UA stonewalls on cost of suing artist Daniel Moore

Alabama Scene

“The University of Alabama is paying for the legal fees in this case,” according to a deposition under oath by Montgomery attorney Joe Espy, past president pro tem
of the University of Alabama Board of Trustees. “Thus, it’s clearly public money, whether it was donated to us or how we came involved, so certainly public funds are being used,” Espy testified.

So we now have it on the record that public funds are being used to sue Daniel Moore, a man who has played a large part in creating the legacy of Crimson Tide football. So why won’t the university tell us how much has been spent on the lawsuit?

When The Montgomery Independent

posed that question to the school last week there was a lot of double talk, but no numbers. Here’s what a UA spokesperson said:

“Thank you for your interest regarding the Daniel Moore lawsuit. While we regret the necessity of having to involve the courts in this matter, the lawsuit was necessary since UA must protect the value of our trademarks, name, colors, indicia, and logos by defining who uses them, when, and how. Many millions of dollars in licensing fees and scholarships – and the University’s reputation – are at stake. Any further comment by the University about the situation while the lawsuit is pending would be inappropriate.”

“The university’s reputation is at stake?” Let me suggest it has already been tarnished by this nonsensical litigation.

Follow-up questions by e-mail went unanswered. Revelations that the university has spent millions of dollars suing one of its favorite sons come at a time when tuition on the main campus in Tuscaloosa is increasing 13 percent for the 2010-11 academic year.

By appealing a federal trial court verdict in Moore’s favor, the university has kept the clock running at two large and expensive law firms, Kilpatrick Stockton in Atlanta and Starnes Davis Florie in Birmingham. Both firms charge upwards of $450 per hour.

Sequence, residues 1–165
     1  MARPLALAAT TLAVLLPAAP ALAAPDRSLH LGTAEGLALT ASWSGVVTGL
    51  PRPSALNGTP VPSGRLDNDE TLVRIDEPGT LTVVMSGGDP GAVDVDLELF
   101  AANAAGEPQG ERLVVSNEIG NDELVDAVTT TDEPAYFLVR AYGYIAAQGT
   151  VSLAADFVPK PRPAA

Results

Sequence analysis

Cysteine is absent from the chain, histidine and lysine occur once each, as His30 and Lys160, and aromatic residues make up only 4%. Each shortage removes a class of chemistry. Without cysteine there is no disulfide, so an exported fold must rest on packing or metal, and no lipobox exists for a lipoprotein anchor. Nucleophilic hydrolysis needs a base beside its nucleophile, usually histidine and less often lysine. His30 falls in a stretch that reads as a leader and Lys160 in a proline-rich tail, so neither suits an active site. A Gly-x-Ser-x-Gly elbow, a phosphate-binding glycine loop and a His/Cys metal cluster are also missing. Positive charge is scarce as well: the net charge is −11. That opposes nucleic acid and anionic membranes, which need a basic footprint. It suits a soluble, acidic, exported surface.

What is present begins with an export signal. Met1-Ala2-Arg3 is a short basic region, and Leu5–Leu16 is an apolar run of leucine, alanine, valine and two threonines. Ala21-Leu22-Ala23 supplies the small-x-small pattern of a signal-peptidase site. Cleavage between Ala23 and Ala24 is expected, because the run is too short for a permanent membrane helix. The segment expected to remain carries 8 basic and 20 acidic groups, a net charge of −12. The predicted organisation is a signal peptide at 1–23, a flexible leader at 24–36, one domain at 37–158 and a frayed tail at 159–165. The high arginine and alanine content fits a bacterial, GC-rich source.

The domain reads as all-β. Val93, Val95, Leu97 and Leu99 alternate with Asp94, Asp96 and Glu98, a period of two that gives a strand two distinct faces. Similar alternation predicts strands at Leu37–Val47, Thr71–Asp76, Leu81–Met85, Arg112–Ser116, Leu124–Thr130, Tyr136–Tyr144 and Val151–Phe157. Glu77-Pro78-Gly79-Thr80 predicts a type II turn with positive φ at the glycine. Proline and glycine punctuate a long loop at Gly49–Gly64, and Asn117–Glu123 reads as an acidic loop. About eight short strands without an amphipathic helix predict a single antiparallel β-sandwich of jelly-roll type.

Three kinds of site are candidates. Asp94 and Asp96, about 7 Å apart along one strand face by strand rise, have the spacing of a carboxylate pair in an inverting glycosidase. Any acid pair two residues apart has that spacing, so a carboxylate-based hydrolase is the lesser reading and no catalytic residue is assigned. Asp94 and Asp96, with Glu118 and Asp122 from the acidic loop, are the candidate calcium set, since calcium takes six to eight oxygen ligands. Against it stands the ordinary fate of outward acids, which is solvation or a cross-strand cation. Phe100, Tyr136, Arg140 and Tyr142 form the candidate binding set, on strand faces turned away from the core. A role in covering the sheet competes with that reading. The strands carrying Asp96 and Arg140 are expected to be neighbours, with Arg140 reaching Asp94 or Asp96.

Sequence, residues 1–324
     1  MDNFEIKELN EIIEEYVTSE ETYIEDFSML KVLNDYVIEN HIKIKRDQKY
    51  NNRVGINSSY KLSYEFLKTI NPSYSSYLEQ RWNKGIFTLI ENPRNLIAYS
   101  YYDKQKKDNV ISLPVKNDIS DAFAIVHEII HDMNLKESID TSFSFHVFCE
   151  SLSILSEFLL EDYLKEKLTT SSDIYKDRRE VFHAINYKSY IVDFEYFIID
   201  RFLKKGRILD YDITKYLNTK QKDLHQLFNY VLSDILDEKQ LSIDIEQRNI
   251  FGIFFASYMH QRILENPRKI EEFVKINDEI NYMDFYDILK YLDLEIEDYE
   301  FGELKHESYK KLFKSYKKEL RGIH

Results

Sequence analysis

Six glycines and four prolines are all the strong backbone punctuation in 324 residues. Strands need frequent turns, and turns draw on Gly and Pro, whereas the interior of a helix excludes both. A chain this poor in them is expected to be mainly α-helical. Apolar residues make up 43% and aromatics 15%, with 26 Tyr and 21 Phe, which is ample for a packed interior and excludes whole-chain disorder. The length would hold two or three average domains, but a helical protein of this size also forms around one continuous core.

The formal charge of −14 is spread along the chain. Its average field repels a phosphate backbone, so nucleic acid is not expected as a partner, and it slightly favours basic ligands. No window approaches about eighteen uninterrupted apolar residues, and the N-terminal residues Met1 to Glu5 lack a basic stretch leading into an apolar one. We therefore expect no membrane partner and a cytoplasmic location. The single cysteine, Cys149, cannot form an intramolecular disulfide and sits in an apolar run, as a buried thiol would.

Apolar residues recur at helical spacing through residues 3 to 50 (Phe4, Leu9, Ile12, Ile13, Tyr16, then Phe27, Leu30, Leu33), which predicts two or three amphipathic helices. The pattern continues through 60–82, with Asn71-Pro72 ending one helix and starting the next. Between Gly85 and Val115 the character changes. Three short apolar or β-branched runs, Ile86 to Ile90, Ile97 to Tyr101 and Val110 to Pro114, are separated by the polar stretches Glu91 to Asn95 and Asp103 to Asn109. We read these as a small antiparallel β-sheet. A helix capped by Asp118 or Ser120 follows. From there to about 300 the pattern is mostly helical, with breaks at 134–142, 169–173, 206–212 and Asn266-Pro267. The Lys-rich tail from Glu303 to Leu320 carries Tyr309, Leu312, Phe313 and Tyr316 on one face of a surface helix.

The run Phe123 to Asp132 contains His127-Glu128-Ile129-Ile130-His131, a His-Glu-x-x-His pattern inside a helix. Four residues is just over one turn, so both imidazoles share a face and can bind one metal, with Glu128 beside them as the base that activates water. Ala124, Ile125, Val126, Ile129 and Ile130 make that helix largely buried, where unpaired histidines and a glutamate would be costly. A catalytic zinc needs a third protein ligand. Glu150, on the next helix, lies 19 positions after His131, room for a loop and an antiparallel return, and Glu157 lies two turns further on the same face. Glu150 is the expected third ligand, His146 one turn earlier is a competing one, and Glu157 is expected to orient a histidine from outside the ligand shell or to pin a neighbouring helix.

One lawyer estimated a cost of $1.5 million to $2 million after nearly fiveand a-half years of litigation, six U.S District Court judges, and two appeals to the 11th U.S. Circuit Court of Appeals. Yet, the University appears no closer to prevailing in its trademark infringement lawsuit against Moore than it was a year ago.

That’s when the university lost in federal district court, alleging Moore painted scenes of Crimson Tide football games without permission from the university and reissued previously licensed prints without paying royalties.

“Just knowing what UA’s two law firms charge per hour, it is my independent guess that they’ve spent well over $1 million and it wouldn’t surprise me if it were over $2 million now,” Moore told The Independent.

A source close to the case estimated the university had spent $1.5 million on the case before it went to the 11th Circuit Court of Appeals in Atlanta. Moore questioned why the university would spend “well over a million dollars,” when the alleged damages in the case amount to $800,000 or less.

Let’s see now … UA wants to charge a license fee for drawing pictures of the school’s great moments in sports. What next? Will they start asking press and broadcast outlets to pay a license fee for the free publicity they give the school by showing pictures of the school’s great moments in sports?

Twenty-seven other universities, including Auburn, have asked the U.S. 11th Circuit Court of Appeals to allow them to file a brief supporting Alabama’s lawsuit against Moore. The fact that these universities would join Alabama’s fight, seems impressive. However, Moore points out the schools have a common licensing affiliate, Collegiate Licensing Company (CLC), and this number represents only 17 percent of CLC’s college client base.

But the larger question is this: If UA is successful, how soon will it be before they want to charge us to take a photo of Denny Chimes or Bryant- Denny Stadium or Nick Saban or perhaps the state would charge a license fee for a picture of the state capitol building, or … heaven forbid … a legislator. As confirmed by lawyer Espy, all university properties are owned by the people of Alabama and so are those great moments in Tide or Tiger sports history so somebody in T-Town please stop this nonsense.